FLORENCE, S.C. - It's hard to imagine Malliciah Goodman flying under the radar anywhere he goes.
With a 6-foot-4, 260-pound frame, the biggest hands on a prep defensive lineman possibly ever, and 4.55-second forty-yard dash speed, you would think everyone would've been after him long before now. But early in the recruiting process, he went virtually unnoticed until Rivals.com stopped by his school.
"That tells you, if you wouldn't have come in and got the tapes and saw how good he was," West Florence head coach Trey Woodberry remembered. "He might have slipped through the cracks. That's the bad thing about schools that traditionally are not powerhouses. This is the second year in a row we've made the playoffs and had a winning record. I think that shows how important some of these recruiting services are."
The rest was history. The powerful edge-rusher cranked in his first offer days later, his second the day after and more throughout the spring.
Not too long thereafter the Palmetto State product committed to Clemson. He went on to become the top-ranked recruit in the state of South Carolina by Rivals.com, and was chosen for one of the highest honors for a high school football player, selected to the U.S. Army All-American Game.
Thursday morning at his high school, Goodman put on his all-star jersey during a ceremony in his honor.
"I'd like to thank everyone who supported me," Gooman said. "I'd like to thank the U.S. Army, my teammates, my coaches and everybody who believed in me."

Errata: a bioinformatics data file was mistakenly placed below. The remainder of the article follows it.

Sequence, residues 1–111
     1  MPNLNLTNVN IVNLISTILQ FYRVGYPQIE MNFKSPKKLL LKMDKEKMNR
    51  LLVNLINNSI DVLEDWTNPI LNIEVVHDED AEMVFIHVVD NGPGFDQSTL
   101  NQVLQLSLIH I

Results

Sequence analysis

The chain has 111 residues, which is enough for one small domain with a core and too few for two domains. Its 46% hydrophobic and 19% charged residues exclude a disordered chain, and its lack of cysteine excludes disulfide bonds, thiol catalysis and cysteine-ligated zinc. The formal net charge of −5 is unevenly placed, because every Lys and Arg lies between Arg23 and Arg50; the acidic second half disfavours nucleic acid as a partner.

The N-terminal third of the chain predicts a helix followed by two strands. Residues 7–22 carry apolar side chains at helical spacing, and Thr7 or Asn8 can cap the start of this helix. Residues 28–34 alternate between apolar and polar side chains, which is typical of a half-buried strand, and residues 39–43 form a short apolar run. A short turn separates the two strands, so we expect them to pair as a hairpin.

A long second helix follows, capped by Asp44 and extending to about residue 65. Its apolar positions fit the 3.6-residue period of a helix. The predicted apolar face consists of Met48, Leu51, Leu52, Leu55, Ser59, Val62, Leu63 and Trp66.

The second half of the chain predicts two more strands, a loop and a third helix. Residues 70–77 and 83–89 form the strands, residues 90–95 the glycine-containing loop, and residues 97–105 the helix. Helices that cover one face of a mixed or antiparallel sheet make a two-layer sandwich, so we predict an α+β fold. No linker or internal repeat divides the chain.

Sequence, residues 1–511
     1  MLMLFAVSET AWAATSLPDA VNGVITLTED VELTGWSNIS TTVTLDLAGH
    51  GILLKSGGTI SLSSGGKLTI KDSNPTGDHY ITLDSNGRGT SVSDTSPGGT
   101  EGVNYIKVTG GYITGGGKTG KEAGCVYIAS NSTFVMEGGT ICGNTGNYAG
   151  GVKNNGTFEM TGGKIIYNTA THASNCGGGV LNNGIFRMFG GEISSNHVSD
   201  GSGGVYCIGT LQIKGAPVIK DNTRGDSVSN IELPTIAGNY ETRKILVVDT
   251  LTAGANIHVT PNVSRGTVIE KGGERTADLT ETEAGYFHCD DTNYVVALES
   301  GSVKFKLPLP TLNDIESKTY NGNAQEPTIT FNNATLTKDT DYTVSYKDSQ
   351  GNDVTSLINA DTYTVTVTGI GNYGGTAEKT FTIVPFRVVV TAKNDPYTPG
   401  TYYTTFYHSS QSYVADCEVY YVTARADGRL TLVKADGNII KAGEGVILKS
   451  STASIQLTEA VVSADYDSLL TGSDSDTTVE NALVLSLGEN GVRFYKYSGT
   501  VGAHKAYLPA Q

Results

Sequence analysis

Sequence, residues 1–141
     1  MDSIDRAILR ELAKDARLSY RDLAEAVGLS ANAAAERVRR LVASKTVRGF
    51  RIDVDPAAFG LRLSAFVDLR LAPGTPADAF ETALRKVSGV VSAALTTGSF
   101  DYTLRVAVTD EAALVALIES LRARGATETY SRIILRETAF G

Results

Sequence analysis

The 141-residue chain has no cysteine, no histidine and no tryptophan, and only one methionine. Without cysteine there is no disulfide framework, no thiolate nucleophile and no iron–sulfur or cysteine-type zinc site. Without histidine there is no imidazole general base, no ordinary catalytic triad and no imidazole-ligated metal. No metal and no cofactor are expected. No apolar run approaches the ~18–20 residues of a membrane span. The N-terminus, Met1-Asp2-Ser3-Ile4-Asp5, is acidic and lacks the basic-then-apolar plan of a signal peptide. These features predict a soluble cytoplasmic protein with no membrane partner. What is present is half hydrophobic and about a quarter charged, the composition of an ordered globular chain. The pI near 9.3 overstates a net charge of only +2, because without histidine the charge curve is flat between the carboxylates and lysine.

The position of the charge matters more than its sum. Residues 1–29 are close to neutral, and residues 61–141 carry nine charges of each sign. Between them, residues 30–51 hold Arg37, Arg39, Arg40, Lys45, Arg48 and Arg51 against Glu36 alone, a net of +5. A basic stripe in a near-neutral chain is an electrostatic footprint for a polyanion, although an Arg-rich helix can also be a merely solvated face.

As a junior, the four-star prospect racked up 69 tackles and 6.5 sacks after a sophomore campaign of 56 tackles and four sacks.
"Since the scholarships and the U.S. Army Bowl, some kids might not play as hard because they have everything made," his coach shared. "Not Malliciah, his confidence level went through the roof and he's gotten so much better. He only played eight plays last week and had three sacks."
Despite a shoulder sprain and a finger injury that has kept him in and out of the lineup, the nation's No. 34 overall recruit has recorded 14.5 sacks as a senior.
"Hard work got me where I am now," he added.
The big-time event gets a super defender but an even better individual.
"Tremendous kid," Woodberry noted. "He's a boy scout, almost an Eagle scout. He's on all kinds of boards and groups. With the gang activity, the drug activity and alcohol activity, he's trying to stop that in our school."
"He's also in our Knight reader that we do as a football team," the head coach continued. "We take the players to elementary schools and have them read to the kids. Just a wonderful, wonderful kid. You don't have to worry about him."
Only opposing blockers will have that burden come January 3, 2009 when the U.S. Army All-American game kicks off at the Alamo Dome in San Antonio, Texas.